Holistic Prediction of Cardiovascular Outcomes with Multimodal Vision Transformers
Approved Research ID: 92261
Approval date: February 16th 2023
We will be investigating if it is possible to develop an artificial intelligence (AI) model using various types of patient data such as blood test results and magnetic resonance imaging (MRI) scans to predict the occurrence of certain heart and circulatory diseases such as high blood pressure, atherosclerosis, heart failure, heart attacks or strokes. Similar projects have been attempted in the past with promising results. We believe that a relatively new type of AI architecture called a vision transformer is well suited for such a task and has great potential when coupled with large, high quality datasets. This is due to greater computational efficiency and greater robustness compared with what is currently the most AI architecture - convolutional neural networks.
We will be making use of a wide variety of imaging techniques as well as numerical data from patients such as bloodwork results and blood pressure readings from routine check-ups. As cardiovascular disease is quite a broad field, there are a plethora of potential diseases for us to attempt to predict on the basis of this data. As such, we would require an estimated three years to bring our investigations to completion.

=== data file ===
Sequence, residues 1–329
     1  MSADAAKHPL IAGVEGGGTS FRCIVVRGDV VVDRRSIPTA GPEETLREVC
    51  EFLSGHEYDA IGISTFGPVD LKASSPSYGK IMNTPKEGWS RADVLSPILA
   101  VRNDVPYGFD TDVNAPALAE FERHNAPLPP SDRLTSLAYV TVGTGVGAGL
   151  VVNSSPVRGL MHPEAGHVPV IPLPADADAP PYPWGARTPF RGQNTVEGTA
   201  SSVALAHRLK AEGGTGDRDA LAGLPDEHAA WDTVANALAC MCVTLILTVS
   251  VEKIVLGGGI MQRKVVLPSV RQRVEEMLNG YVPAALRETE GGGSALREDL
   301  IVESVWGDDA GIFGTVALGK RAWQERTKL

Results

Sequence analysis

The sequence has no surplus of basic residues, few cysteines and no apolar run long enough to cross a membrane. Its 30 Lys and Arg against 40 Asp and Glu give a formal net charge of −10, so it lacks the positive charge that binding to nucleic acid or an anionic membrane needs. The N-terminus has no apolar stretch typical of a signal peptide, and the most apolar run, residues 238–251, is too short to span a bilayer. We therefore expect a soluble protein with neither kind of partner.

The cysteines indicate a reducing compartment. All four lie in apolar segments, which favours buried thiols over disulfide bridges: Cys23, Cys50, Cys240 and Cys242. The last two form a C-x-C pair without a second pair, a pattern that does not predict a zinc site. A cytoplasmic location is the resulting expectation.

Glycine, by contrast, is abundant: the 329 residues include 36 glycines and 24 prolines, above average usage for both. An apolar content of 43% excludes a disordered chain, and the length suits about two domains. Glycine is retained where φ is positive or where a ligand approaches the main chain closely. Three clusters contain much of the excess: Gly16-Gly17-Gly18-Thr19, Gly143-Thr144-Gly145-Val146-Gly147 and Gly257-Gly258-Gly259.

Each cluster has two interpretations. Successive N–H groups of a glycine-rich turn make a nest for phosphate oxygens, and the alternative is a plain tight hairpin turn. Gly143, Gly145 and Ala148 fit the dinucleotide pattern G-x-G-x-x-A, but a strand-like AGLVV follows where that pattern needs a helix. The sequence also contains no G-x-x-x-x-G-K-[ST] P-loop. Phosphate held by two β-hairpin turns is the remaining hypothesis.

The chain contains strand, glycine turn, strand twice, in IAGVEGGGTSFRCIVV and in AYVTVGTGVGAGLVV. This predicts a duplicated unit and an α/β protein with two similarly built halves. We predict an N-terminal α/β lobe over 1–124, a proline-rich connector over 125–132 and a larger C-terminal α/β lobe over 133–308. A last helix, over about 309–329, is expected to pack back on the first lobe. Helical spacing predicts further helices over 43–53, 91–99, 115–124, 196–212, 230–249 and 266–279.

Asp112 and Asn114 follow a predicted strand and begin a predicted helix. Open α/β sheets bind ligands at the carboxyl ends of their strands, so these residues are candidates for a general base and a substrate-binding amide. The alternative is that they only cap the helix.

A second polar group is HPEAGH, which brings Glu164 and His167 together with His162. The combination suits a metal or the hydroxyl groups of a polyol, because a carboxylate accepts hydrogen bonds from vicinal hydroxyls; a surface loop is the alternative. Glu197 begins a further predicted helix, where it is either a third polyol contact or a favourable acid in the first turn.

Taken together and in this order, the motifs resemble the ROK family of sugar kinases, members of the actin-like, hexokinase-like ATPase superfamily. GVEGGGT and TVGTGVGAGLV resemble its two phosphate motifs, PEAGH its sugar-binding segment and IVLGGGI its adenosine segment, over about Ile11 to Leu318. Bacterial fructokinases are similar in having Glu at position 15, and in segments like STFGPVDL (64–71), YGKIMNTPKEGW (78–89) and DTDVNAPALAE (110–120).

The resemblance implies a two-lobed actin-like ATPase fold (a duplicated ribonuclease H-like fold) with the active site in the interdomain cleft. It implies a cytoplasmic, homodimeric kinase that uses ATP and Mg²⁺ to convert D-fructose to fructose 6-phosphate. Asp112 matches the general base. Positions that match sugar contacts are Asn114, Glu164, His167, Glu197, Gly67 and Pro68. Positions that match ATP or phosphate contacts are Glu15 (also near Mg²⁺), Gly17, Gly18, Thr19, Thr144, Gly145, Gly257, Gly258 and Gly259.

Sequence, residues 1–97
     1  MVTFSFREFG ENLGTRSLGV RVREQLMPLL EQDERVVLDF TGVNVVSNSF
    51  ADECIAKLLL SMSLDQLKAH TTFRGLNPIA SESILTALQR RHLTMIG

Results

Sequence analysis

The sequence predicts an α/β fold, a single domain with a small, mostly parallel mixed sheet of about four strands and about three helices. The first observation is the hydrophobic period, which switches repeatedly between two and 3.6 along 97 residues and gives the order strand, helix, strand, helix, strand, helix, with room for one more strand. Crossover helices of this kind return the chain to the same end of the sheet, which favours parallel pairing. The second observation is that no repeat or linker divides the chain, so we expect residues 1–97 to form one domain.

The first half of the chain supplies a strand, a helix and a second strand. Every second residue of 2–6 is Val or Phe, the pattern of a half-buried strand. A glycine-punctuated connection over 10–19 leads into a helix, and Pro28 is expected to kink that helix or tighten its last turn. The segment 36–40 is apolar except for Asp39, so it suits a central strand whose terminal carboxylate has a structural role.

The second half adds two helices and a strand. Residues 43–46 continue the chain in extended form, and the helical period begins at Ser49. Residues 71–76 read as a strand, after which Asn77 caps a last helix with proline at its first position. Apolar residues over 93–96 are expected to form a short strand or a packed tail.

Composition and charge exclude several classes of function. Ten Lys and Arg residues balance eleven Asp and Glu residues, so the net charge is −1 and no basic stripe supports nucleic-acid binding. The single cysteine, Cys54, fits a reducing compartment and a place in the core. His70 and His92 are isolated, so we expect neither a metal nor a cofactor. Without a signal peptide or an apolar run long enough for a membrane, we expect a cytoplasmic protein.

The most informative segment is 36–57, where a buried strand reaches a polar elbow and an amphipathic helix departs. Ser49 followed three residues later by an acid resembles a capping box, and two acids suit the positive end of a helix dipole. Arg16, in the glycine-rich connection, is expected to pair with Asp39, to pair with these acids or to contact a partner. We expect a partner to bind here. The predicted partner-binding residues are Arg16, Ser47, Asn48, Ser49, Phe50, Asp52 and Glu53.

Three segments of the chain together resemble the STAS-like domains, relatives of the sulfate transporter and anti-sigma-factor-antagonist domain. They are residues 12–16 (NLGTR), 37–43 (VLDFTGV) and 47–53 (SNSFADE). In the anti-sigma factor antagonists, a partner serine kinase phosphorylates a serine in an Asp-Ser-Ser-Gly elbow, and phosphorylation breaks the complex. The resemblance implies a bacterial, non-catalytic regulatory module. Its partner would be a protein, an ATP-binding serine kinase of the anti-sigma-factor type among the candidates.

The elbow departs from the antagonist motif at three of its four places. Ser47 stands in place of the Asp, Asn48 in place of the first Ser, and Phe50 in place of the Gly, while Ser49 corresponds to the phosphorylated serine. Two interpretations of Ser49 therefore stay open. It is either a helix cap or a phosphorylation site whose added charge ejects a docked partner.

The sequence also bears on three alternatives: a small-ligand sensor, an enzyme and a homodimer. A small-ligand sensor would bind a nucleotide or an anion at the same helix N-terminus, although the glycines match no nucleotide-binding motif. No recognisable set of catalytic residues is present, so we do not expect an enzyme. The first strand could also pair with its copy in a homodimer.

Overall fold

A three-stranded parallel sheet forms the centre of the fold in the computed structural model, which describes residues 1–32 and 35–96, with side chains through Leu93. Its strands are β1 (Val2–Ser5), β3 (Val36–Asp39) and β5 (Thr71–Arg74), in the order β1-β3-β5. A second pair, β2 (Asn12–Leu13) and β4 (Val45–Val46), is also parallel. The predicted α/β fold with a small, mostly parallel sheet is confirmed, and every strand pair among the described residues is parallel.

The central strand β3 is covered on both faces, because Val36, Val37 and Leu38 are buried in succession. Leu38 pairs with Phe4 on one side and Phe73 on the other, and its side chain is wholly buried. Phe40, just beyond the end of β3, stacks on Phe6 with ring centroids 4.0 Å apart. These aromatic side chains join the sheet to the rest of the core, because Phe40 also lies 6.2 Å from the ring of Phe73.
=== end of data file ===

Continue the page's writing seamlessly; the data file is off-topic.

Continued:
The potential benefit from a public health point of view is large. By being able to better identify patients who are at higher or lower risk for certain outcomes, their care can be tailored accordingly. This means greater care focused on mitigating the health impact on those most at risk for given health problems, improving health outcomes, and perhaps reducing unnecessary interventions in those identified as lower risk, resulting in greater quality of life. In addition to patient-centric benefits, these findings may also aid in clinical care and decision-making, potentially reducing cost, time and expertise required. Thus, there is great potential in AI-based assistance, such as what we seek to investigate, in reducing the burden of cardiovascular disease in a wide variety of clinical contexts.